For Friday, June 26, 2015
1 – Michigan will become the first state to monitor beaches using a new, rapid testing method.
The new method quickly identifies E. coli DNA in a beach’s water sample.
The process provides results the same day a sample is taken. That means necessary beach closures will occur more efficiently in locations where bacteria is detected.
Previous testing methods took longer, meaning beaches that tested positive could not be closed until the day after a water sample was drawn.
To implement the new water testing process, the Michigan Department of Environmental Quality awarded a half-million dollars to health departments in the state.
Agencies involved with the new testing method include health departments in Bay and Saginaw counties, and Saginaw Valley State University.
Daily beach testing results are be posted on the DEQ’s BeachGuard website.
2 – Information on the environment and other topics is available from a new GIS Open Database.
The site is a part overall efforts to make more information open and available to citizens, according to the state Department of Technology, Management and Budget.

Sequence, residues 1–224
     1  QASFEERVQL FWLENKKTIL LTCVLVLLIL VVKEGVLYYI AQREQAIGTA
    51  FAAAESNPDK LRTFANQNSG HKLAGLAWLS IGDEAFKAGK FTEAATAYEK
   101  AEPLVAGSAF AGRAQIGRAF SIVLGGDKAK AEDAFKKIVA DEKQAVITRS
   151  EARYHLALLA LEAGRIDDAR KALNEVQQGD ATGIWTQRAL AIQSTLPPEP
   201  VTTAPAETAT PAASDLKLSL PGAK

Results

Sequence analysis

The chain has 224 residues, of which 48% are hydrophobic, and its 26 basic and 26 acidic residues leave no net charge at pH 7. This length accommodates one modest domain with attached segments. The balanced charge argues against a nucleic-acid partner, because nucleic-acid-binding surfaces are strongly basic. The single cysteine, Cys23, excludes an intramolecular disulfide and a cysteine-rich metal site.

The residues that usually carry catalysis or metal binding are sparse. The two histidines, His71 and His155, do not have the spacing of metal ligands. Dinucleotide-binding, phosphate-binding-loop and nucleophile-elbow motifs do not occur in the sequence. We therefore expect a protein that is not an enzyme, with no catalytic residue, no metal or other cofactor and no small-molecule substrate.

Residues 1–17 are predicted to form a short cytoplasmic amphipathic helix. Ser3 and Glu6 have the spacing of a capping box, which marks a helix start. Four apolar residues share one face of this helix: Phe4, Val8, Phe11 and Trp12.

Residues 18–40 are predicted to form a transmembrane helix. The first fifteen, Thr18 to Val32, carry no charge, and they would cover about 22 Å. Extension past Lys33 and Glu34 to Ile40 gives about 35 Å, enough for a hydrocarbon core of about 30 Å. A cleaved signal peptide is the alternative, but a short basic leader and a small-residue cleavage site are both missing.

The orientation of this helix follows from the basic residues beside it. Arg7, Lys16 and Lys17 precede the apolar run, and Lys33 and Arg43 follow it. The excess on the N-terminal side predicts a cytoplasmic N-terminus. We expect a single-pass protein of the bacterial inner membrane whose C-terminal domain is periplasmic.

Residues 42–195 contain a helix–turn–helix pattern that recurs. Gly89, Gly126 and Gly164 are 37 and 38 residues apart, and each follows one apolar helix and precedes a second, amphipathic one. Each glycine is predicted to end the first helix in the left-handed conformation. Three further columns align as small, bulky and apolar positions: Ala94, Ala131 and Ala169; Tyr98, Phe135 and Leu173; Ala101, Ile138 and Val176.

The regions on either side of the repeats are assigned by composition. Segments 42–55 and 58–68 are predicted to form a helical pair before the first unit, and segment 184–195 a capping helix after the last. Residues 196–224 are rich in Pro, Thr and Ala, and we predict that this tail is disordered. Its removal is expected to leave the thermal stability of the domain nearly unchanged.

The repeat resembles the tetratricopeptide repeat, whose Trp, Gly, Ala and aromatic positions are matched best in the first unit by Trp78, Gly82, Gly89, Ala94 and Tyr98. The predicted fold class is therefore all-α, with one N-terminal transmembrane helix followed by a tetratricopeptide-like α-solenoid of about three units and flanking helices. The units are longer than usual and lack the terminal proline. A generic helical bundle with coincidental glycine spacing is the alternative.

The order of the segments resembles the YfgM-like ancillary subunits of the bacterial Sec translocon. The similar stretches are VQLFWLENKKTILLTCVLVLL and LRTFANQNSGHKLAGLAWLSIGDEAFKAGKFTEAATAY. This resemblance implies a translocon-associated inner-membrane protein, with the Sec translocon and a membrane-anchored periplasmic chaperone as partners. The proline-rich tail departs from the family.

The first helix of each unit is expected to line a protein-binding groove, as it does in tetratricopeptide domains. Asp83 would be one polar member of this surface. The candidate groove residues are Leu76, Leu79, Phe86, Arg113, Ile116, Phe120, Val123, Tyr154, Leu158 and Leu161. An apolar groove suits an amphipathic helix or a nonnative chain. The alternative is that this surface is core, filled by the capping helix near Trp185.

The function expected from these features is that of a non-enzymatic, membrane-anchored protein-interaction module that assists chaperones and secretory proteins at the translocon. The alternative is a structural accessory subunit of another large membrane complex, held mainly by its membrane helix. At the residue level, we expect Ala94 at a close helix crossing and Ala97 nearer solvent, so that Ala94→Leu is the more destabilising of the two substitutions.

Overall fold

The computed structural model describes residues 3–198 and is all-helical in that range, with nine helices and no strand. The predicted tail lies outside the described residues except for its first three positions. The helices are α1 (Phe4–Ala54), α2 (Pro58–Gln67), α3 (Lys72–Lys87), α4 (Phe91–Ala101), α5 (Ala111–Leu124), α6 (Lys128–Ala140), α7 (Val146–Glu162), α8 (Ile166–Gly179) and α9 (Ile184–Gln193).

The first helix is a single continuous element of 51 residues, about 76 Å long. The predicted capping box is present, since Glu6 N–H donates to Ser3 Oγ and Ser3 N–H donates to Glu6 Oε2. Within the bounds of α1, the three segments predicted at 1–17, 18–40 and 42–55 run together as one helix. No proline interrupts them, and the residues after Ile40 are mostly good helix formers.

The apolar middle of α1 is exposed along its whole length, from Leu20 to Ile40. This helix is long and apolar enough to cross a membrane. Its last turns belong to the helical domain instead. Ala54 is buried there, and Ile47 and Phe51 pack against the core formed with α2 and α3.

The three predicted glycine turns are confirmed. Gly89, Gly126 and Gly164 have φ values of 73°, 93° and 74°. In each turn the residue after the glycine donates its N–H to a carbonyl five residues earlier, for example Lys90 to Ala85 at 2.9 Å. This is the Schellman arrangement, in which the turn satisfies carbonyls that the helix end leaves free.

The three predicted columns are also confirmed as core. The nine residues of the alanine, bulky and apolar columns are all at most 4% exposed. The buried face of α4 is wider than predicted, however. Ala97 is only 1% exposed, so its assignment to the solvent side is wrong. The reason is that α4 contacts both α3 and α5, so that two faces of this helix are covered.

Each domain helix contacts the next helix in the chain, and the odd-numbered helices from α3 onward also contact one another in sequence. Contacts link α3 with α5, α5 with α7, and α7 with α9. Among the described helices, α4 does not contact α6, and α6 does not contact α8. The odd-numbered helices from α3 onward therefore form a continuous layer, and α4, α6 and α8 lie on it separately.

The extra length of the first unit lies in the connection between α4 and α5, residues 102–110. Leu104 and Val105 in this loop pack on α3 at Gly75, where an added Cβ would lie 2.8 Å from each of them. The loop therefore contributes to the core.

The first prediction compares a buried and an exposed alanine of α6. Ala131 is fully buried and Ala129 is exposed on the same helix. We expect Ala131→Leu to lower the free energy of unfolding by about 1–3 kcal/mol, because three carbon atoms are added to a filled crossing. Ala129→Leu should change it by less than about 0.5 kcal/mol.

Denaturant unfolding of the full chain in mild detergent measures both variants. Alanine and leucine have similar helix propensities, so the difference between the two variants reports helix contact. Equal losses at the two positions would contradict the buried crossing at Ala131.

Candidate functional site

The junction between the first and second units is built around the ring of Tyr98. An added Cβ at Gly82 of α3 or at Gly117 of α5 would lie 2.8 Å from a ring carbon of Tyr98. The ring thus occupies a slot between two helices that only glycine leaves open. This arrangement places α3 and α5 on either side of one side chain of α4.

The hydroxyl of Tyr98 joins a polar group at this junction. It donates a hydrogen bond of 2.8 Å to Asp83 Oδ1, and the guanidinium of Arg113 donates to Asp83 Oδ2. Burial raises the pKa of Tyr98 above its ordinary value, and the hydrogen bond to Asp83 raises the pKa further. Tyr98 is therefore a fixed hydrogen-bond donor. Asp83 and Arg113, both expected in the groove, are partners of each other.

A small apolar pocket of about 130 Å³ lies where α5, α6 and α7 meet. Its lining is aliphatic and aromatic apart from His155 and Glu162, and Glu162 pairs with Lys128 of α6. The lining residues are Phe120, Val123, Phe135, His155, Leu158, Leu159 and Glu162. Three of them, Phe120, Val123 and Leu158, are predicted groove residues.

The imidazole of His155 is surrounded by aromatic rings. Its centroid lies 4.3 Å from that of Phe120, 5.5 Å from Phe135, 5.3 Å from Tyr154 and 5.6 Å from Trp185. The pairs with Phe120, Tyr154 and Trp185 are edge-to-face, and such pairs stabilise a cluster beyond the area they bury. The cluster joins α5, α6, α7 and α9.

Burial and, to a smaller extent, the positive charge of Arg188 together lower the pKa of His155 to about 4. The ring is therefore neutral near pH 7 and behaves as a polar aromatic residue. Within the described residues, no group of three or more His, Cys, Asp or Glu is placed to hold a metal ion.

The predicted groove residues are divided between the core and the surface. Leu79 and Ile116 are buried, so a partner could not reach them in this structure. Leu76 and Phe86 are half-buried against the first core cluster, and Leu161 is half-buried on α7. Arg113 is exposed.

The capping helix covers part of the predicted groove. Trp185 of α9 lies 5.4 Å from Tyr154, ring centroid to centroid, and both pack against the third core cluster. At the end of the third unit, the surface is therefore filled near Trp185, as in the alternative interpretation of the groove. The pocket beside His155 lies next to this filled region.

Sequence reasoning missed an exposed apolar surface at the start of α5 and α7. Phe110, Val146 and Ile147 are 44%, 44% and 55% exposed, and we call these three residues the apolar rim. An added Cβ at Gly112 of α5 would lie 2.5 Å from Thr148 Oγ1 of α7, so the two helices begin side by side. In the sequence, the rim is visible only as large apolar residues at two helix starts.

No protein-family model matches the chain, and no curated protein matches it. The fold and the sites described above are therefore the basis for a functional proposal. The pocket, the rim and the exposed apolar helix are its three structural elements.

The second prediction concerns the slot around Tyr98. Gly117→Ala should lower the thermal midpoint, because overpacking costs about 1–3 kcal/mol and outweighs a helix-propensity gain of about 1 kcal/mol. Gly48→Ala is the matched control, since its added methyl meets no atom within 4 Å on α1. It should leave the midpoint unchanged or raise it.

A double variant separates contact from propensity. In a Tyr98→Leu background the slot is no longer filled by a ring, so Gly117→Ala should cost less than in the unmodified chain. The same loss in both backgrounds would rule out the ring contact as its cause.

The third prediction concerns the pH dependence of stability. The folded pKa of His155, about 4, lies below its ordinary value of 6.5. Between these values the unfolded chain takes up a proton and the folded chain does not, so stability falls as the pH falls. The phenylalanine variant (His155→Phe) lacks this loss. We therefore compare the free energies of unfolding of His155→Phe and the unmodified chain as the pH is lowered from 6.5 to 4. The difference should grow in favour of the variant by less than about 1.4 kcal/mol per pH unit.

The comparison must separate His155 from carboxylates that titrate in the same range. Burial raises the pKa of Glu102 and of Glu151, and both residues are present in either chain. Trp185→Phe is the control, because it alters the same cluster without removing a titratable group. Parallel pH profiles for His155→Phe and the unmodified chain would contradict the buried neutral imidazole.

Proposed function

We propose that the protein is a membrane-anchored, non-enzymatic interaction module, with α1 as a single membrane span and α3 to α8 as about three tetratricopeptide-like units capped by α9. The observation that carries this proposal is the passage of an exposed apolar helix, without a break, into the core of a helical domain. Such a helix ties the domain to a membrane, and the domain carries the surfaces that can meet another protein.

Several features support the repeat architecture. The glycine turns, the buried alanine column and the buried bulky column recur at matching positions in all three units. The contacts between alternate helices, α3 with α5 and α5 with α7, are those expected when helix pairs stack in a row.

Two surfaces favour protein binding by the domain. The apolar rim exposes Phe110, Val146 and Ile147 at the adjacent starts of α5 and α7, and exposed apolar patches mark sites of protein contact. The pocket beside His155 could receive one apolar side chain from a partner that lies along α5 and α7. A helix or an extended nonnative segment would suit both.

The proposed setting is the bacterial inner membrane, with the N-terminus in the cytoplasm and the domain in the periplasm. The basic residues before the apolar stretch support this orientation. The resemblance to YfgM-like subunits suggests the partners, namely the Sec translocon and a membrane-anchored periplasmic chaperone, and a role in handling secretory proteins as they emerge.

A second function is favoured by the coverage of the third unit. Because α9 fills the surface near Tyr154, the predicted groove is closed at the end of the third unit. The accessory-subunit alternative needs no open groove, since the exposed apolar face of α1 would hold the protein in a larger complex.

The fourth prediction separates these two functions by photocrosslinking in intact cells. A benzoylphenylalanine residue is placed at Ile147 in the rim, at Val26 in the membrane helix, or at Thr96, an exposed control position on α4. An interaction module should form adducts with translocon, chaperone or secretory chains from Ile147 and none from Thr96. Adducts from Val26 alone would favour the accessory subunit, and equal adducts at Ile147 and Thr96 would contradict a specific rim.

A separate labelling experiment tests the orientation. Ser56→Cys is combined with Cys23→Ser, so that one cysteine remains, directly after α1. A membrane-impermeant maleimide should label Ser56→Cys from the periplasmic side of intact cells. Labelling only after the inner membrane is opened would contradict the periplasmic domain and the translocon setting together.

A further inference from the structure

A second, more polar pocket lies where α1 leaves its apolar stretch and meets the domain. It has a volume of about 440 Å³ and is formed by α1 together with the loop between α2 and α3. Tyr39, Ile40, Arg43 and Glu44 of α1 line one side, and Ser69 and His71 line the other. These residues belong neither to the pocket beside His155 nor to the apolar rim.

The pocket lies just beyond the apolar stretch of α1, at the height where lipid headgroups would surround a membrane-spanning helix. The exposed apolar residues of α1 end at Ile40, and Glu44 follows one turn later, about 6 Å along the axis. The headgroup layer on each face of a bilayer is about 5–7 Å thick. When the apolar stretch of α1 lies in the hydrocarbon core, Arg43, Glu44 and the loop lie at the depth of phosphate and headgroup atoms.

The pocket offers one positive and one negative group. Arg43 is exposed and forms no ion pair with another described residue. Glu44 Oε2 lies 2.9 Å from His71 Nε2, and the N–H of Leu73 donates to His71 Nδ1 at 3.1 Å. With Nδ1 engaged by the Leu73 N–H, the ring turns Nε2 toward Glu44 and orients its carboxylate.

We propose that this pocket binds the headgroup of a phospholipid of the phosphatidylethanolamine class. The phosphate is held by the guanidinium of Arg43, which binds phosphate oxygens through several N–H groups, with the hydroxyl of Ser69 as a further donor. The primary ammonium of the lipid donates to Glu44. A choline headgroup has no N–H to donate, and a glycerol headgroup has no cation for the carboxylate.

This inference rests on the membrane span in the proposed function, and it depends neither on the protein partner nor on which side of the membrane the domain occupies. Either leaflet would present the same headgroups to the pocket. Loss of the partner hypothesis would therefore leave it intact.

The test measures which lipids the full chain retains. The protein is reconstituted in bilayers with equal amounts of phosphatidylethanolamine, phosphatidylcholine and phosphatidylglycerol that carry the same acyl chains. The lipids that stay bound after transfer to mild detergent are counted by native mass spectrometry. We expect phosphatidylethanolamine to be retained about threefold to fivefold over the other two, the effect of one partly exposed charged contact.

GIS, or Geographic Information Systems, provide location components to information, allowing data to be represented geographically.
The new site can be used to browse, search, preview and download a variety of geospatial data sets and view them on a map.
Data categories include Fish & Wildlife, Environment and Public Health.
The Environment section includes data on land cover, wetlands and potential wetland restoration sites.
The site can be accessed at www.michigan.gov/openmichigan.
– Mr. Great Lakes is heard at 9 a.m. Fridays in Bay City, Michigan, on Delta College Q-90.1 FM NPR.
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